When I busted with a score of twenty-five, I turned to look at the man more closely. “Mate, that is a bloody brilliant mustache.”

He tipped his hat, thanking me before busting with a twenty-two.

Chloe held, and the dealer revealed that Chloe had both the ace and jack of spades. The house had a jack on the up card, but flipped the hole card: a king. The dealer paid out Chloe’s winnings before collecting the cards on the table with a sweep of her hands.

“Told you!” Chloe sang, dancing in her seat and blowing Bennett a kiss. “It’s my lucky night.”

He responded with a tiny lift of his brow.

Looking across the room to the bar, I found Will, who was sipping his drink and f**king around on his phone. He looked up and caught my eye after a moment, giving me a silent fuck-you face, and I waved, indicating that I’d be back soon.

The problem was, blackjack was f**king fun. Chloe was cleaning up, winning hand after hand. And although Bennett and I were systematically losing all of our money, it didn’t bloody matter. The dealer was easygoing, Sara’s laugh was infectious, and Mustache had started cracking the best awful jokes between each hand.

“Doctor walks into a room,” he said, running his fingers over his mustache and winking at Chloe. “Says hi to the patient on the exam table, goes to make note of something on his chart.”

The dealer dealt our facedown cards and we all looked at the table in time to see the next cards arriving faceup.

“He realizes he’s holding a thermometer and frowns. ‘Well, fuck,’ he says, ‘some asshole’s got my pen.’?”

And because her sense of humor was always easy and gutter-loving, Sara completely lost it, falling onto the soft padded edge of the table in laughter and looking lovelier than I think she had all night. She was flushed from whatever she’d had to drink, but even more than that, she looked positively blissful. When she looked up and caught me staring, her smile straightened as if liquid heat had trickled into her veins, and she blinked down to look at my mouth. Going back to find her at the theater had been the best decision of my night.

Come to think of it, the only good one. I gave her a wink, licked my lips.

“You two going to fornicate or play some goddamn cards?” Chloe asked, having decided to stay with a nine showing; the table showed a six, and busted, hitting seven on top of a hole card of nine.

“A young guy walks into a bar,” our new acquaintance started as the dealer cleared the hand, and f**k I’d decided this was the best man ever to have at a blackjack table. The dealer began the process of shuffling the decks. “He orders ten shots of whiskey. The bartender says, ‘Damn, kid,’ but lines them up anyway.”

I liked Mustache because of said mustache of course, but also the fact that he looked like he spent a lot of birthdays alone. He had a way about him that mixed ease and desperation, and yet here he was, cracking dirty jokes with perfect finesse with a bunch of half-sloshed strangers. I didn’t even mind his gaze turning dopey and loaded when he turned and smiled at Sara. Couldn’t blame the bloke; I had no choice but to fall for her; Sara was as irresistible as gravity.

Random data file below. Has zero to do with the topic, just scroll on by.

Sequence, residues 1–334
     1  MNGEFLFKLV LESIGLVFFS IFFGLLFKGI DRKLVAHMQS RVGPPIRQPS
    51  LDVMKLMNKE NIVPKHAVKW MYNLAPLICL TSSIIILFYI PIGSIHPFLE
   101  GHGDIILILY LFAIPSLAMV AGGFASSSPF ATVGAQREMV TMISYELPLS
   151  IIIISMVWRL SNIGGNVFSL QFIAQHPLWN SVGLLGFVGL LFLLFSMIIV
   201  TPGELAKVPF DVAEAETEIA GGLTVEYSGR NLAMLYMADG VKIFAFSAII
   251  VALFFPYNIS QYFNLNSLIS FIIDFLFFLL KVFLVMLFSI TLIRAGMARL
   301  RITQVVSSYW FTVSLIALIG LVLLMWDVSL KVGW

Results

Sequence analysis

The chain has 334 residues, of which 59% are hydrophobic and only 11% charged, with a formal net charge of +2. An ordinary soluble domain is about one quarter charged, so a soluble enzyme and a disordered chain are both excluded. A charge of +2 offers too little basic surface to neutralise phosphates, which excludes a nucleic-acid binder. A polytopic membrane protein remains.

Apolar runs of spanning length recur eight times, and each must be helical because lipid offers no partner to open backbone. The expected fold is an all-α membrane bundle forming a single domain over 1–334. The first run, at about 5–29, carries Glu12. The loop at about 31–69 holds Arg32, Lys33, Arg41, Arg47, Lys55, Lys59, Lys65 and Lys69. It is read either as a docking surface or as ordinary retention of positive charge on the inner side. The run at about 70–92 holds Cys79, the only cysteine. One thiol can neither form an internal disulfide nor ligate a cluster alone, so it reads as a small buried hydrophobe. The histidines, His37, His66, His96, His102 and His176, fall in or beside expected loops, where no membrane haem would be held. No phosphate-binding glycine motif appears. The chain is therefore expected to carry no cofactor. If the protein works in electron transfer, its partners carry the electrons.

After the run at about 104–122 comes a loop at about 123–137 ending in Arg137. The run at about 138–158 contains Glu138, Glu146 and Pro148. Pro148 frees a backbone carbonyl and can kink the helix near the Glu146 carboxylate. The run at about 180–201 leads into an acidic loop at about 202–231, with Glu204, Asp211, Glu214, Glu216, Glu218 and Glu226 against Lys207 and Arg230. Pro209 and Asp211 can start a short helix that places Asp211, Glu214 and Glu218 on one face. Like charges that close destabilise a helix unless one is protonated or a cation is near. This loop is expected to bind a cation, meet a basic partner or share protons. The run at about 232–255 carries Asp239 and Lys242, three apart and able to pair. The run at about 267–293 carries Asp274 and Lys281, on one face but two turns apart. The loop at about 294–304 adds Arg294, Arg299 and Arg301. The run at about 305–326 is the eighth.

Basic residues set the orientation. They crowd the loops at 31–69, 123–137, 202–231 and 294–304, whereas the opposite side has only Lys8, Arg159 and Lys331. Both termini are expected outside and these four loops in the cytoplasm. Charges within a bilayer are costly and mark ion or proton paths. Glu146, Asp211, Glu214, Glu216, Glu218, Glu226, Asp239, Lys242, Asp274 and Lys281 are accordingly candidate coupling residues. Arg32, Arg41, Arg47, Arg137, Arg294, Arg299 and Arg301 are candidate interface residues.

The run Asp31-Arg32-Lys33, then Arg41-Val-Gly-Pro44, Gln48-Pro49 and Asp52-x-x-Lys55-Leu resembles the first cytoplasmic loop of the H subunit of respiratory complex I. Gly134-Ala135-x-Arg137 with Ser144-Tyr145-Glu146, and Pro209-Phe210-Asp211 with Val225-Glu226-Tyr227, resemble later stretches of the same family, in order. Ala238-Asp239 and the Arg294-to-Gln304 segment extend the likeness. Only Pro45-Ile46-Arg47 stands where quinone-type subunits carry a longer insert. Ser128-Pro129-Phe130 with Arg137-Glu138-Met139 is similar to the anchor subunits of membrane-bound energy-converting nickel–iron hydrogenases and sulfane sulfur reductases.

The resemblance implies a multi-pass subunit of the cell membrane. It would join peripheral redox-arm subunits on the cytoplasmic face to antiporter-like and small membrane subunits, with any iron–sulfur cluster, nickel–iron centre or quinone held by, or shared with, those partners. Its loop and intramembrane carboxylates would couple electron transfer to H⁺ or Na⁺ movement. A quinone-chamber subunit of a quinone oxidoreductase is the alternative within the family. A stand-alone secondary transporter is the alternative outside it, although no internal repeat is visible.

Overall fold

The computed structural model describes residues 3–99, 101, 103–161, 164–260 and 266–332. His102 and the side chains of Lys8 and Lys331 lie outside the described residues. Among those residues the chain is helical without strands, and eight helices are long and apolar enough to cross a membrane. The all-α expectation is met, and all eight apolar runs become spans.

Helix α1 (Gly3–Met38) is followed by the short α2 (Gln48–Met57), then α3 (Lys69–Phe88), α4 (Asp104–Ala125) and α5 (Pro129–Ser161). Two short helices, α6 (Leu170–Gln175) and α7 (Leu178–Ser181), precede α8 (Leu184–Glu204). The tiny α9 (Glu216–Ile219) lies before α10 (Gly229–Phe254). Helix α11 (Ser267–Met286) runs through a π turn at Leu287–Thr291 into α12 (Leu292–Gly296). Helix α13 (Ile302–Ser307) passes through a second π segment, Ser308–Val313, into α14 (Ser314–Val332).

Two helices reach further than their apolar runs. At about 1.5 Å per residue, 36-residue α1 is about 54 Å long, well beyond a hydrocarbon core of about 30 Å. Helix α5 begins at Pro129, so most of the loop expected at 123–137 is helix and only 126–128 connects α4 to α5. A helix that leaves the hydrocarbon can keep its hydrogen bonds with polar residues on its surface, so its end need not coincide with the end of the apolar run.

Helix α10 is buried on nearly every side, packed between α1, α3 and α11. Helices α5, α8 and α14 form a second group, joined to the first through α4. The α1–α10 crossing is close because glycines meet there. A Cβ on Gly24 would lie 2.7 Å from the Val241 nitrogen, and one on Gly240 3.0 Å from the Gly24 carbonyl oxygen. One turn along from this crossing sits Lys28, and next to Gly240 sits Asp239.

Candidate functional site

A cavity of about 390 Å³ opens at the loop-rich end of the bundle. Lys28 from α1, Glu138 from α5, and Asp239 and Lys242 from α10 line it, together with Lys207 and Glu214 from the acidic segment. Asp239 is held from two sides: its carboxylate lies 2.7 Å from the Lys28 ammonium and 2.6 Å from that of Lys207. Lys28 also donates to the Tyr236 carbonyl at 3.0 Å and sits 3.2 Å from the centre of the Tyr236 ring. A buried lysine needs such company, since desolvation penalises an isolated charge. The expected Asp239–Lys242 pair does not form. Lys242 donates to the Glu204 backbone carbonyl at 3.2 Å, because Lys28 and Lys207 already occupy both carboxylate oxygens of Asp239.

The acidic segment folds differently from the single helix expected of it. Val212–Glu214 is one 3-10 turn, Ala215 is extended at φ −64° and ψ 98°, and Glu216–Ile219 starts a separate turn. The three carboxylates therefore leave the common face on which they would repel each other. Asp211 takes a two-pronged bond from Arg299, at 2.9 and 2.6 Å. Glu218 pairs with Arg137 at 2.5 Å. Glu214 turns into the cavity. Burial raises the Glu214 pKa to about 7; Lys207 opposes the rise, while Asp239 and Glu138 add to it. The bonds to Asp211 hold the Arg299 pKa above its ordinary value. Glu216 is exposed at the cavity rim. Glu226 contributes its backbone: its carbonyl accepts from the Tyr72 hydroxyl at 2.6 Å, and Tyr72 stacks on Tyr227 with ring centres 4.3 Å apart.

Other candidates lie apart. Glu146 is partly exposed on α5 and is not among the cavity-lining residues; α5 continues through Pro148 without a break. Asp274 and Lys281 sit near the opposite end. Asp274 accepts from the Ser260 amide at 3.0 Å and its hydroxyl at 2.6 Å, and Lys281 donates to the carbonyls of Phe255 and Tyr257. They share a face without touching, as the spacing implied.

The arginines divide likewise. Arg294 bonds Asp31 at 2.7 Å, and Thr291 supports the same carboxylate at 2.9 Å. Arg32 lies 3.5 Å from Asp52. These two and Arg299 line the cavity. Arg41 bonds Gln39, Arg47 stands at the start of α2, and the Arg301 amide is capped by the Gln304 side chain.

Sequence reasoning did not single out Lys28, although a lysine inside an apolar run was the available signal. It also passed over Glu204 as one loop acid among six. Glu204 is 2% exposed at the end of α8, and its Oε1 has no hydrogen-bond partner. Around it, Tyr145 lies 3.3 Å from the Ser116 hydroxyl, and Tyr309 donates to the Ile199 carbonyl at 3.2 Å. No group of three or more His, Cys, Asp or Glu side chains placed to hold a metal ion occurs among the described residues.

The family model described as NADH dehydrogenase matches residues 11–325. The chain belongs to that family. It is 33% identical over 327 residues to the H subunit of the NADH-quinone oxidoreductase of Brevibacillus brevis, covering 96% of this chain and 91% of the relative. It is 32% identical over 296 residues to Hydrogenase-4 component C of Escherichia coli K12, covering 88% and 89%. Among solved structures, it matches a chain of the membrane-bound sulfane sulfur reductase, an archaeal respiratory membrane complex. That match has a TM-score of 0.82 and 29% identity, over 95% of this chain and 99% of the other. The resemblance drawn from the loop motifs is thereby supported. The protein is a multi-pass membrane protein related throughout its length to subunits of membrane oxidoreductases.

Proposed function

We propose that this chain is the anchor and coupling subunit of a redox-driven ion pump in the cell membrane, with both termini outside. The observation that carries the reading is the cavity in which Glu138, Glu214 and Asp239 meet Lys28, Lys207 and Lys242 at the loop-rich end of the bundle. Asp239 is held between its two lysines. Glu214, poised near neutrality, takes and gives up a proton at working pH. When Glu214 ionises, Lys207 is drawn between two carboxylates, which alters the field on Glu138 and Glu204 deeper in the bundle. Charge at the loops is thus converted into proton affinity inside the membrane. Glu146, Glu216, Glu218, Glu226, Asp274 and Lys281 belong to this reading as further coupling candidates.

“So here they are: ten shots in front of this skinny beanpole kid. The kid knocks them all back one after the other, barely blinking. ‘Wow,’ says the barman, ‘what’re you celebrating?’”

Sara was already laughing, and I turned to watch her in wonder. She would never stop being a tangle of mystery, this one, anticipating dirty jokes told by an eccentric stranger in Vegas.

Mustache chuckled, shaking his head. “‘My first bl*w j*b,’ says the kid. The bartender looks surprised and says, ‘In that case let me buy you another.’” He stopped looking over at Sara expectantly.

And with both hands in the air as if dancing in victory, Sara yelled, “Kid shakes his head. ‘No thanks, man. If ten shots won’t get rid of the taste, another won’t make a lick of difference!’”

Around us, laughter roared and I realized that we had begun to attract quite a crowd to the table. Chloe was on a roll, Mustache was aces, and at nearly two in the morning, we were clearly the table having the most fun in the casino. Sara and Mustache high-fived as the dealer began flipping out the cards, wearing an amused smile.

The card play turned into a blur of jokes and drinks; Chloe whooping in celebration was interrupted often by sound of Sara’s loud, hysterical laugh. With a jerk of awareness, I turned, looking for Will at the bar. It had been a long while since I indicated we’d be done soon, and I’d completely lost track of time.

He was gone.

I pulled my phone out of my pocket, glancing up with resignation at my two remaining twenty-five-dollar chips, and texted him, We’re set. Where are you?

He texted back a few moments later, Meet you at the Venetian. I’m getting head from a dude.

“Arsehole,” I mumbled, just as Mustache started a new joke.

But the sound of his voice beside me fell silent as a hand wrapped around my shoulder. “Mr. Stella.”

The table and the boisterous crowd went silent. I caught a look of concern on Sara’s face just as I looked up, turning to see a man wearing a dark tailored suit and a very serious expression.

He wore an earpiece and an expression that communicated I was meant to take him very bloody seriously. “I’m going to have to ask you and Mr. Ryan to come with me, please.”

“What’s this about?” Bennett asked, laying his cards face down on the table. The crowd broke out into speculating whispers.

“I’m not at liberty to discuss it out here on the floor. I’ll ask you once again, gentlemen, to follow me. Now.”

Without further question, we stood, exchanging baffled looks and following the man away from the table. I turned, giving Sara an encouraging smile, mouthing, “It’s fine.”

What, after all, could we possibly have done?

The man in the black suit led us through a service doorway, down a long, empty corridor, and then through an unlabeled door. Inside the stark, white room was a metal table not unlike the one I’d started my evening with, and three metal folding chairs.

“Have a seat.” The man indicated that we each sit in one of the chairs, and then turned to leave.

“What’s going on?” Bennett asked. “We’ve followed you here readily out of courtesy. The least you can do is tell us why you asked us to leave the table.”

“Wait for Hammer.” The man nodded toward the remaining empty chair, and then left.

I settled back into my seat while Bennett stood, pacing for a few quiet minutes before sighing, and sitting down next to me again. He pulled his phone from his pocket and texted something, presumably to Chloe.

“This is a load of shit,” he grumbled.

I made a noise of agreement, but then stopped from saying more when we heard footsteps coming down the hall toward us.